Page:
My personal ticker is up to date with three more ROOTs, bringing my total so far to 71/60. I finished two long-standing ROOTs:

Great Expectations, by Charles Dickens
Vanity Fair, by William Makepeace Thackeray

And I indulged in a re-read:

The ABC Murders, by Agatha Christie

I haven't touched the group ticker and will likely leave it alone this month.

Edited: Nov 11, 2019, 5:35pm

I finished my first ROOT for November. Why Should the Devil Have All the Good Music? Larry Norman and the Perils of Christian Rock by Gregory Alan Thornbury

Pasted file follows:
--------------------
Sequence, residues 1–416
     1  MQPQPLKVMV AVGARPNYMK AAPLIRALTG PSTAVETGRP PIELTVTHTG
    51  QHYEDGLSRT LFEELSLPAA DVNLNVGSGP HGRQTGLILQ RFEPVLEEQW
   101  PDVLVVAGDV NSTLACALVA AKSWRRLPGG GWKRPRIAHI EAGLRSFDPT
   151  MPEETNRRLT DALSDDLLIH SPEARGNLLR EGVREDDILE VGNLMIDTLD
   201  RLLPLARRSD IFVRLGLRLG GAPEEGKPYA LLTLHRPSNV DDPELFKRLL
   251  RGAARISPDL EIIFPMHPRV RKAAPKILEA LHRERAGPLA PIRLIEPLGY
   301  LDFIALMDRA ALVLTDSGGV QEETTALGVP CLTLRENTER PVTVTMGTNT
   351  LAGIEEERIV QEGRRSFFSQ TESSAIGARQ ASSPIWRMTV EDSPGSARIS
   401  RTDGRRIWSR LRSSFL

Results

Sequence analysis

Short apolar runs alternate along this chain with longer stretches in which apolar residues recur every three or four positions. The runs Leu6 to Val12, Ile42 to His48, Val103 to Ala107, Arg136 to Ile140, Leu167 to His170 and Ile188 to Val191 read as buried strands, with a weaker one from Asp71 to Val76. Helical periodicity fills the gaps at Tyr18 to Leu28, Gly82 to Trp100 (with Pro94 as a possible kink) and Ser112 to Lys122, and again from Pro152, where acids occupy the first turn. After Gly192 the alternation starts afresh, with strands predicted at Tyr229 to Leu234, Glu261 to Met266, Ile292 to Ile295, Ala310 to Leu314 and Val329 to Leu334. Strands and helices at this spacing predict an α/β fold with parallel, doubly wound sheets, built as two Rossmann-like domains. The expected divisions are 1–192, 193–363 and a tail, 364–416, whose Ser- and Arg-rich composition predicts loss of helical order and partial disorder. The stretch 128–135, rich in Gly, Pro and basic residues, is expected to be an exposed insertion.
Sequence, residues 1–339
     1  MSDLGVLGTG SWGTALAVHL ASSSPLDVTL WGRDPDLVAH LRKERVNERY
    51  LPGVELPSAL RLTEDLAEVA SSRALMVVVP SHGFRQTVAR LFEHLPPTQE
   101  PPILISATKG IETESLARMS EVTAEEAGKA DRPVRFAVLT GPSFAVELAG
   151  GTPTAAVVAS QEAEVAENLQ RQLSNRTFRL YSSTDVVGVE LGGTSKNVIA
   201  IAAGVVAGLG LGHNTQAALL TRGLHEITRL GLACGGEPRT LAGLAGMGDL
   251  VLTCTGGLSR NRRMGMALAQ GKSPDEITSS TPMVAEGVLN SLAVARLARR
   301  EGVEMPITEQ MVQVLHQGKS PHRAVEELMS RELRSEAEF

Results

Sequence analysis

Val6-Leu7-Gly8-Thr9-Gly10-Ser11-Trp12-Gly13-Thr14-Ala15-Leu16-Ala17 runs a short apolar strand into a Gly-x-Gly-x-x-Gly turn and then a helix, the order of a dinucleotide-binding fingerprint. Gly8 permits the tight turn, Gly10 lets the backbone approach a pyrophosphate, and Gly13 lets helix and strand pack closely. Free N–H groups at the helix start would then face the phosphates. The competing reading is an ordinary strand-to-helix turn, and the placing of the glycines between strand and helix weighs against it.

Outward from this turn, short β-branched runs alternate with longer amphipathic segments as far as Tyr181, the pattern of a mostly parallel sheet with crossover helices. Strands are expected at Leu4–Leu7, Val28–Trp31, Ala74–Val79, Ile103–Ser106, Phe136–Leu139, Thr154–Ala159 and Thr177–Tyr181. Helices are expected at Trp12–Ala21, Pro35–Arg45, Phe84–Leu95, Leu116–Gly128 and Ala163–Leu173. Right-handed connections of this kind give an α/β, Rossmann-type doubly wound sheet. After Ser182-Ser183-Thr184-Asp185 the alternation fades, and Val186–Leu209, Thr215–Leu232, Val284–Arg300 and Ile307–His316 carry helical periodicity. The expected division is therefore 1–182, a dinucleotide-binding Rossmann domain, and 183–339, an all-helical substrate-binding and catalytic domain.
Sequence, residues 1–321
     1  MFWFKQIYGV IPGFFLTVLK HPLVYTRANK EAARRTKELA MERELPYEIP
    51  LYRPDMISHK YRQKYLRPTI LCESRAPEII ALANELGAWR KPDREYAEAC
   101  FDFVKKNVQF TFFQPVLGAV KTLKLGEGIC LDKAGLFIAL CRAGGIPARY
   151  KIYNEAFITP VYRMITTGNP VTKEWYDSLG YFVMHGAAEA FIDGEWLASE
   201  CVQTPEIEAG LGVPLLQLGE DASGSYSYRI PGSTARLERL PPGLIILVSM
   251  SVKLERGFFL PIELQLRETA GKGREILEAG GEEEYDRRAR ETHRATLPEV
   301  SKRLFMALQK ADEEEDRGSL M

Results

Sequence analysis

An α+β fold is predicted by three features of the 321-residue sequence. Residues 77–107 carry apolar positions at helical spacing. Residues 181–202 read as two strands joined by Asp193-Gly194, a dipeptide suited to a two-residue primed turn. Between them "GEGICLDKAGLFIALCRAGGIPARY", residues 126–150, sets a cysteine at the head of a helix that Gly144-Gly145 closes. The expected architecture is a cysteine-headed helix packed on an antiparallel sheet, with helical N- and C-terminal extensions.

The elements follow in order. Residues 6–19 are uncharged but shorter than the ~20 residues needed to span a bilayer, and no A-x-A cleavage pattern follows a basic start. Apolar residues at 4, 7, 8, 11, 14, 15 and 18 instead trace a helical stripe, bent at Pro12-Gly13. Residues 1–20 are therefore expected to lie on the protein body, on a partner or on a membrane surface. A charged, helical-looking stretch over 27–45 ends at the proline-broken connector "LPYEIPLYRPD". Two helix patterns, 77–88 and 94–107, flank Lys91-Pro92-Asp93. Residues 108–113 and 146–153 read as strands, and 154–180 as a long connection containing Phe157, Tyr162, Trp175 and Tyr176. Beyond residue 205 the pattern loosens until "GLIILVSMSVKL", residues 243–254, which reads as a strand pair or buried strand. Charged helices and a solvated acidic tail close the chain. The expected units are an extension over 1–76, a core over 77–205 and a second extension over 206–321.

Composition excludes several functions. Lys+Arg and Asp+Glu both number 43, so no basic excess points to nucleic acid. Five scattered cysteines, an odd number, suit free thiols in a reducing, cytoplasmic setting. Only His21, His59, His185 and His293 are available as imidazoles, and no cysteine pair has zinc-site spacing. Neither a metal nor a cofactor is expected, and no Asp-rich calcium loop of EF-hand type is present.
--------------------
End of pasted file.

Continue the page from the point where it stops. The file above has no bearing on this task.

Larry Norman was a rising rock star who looked and acted the part - at first. He was a virtuoso guitar player and poet. He counted among his friends Bono and Cliff Richard. His work was admired by Paul McCartney, Bob Dylan, Mick Jagger and Keith Richards. (All of these were his contemporaries as well as musical voyagers of the same era.) He grew up a Christian and his early work, while secular, was heavily influenced by his faith. However, he was determined to make it as a Rock Star. He had the rugged good looks needed for the part, and a striking mane of long white blond hair - naturally that color. He looked like the quintessential California surfer boy rock star. However, a conversion experience led him to a life as the founder of a new kind of music - Christian rock. The title for the book comes from one of his Christian rock anthems for which he became famous. He was also the person who trademarked the "One Way" sign of the single finger pointing upwards that became associated with the Jesus movement.